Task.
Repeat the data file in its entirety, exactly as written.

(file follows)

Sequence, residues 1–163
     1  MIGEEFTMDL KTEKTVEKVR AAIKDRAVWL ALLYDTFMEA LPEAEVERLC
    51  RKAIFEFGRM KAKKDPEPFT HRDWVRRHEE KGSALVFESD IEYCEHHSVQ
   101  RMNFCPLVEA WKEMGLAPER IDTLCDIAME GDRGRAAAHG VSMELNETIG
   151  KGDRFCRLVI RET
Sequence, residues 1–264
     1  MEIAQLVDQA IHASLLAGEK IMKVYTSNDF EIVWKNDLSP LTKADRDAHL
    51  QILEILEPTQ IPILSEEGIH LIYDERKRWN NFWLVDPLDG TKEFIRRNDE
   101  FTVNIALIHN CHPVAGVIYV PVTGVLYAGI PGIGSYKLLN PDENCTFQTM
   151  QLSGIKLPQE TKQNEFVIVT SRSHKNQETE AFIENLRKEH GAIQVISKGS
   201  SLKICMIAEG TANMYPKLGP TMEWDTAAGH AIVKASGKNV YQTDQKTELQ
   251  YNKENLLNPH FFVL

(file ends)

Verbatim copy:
Sequence, residues 1–163
     1  MIGEEFTMDL KTEKTVEKVR AAIKDRAVWL ALLYDTFMEA LPEAEVERLC
    51  RKAIFEFGRM KAKKDPEPFT HRDWVRRHEE KGSALVFESD IEYCEHHSVQ
   101  RMNFCPLVEA WKEMGLAPER IDTLCDIAME GDRGRAAAHG VSMELNETIG
   151  KGDRFCRLVI RET
Sequence, residues 1–264
     1  MEIAQLVDQA IHASLLAGEK IMKVYTSNDF EIVWKNDLSP LTKADRDAHL
    51  QILEILEPTQ IPILSEEGIH LIYDERKRWN NFWLVDPLDG TKEFIRRNDE
   101  FTVNIALIHN CHPVAGVIYV PVTGVLYAGI PGIGSYKLLN PDENCTFQTM
   151  QLSGIKLPQE TKQNEFVIVT SRSHKNQETE AFIENLRKEH GAIQVISKGS
   201  SLKICMIAEG TANMYPKLGP TMEWDTAAGH AIVKASGKNV YQTDQKTELQ
   251  YNKENLLNPH FFVL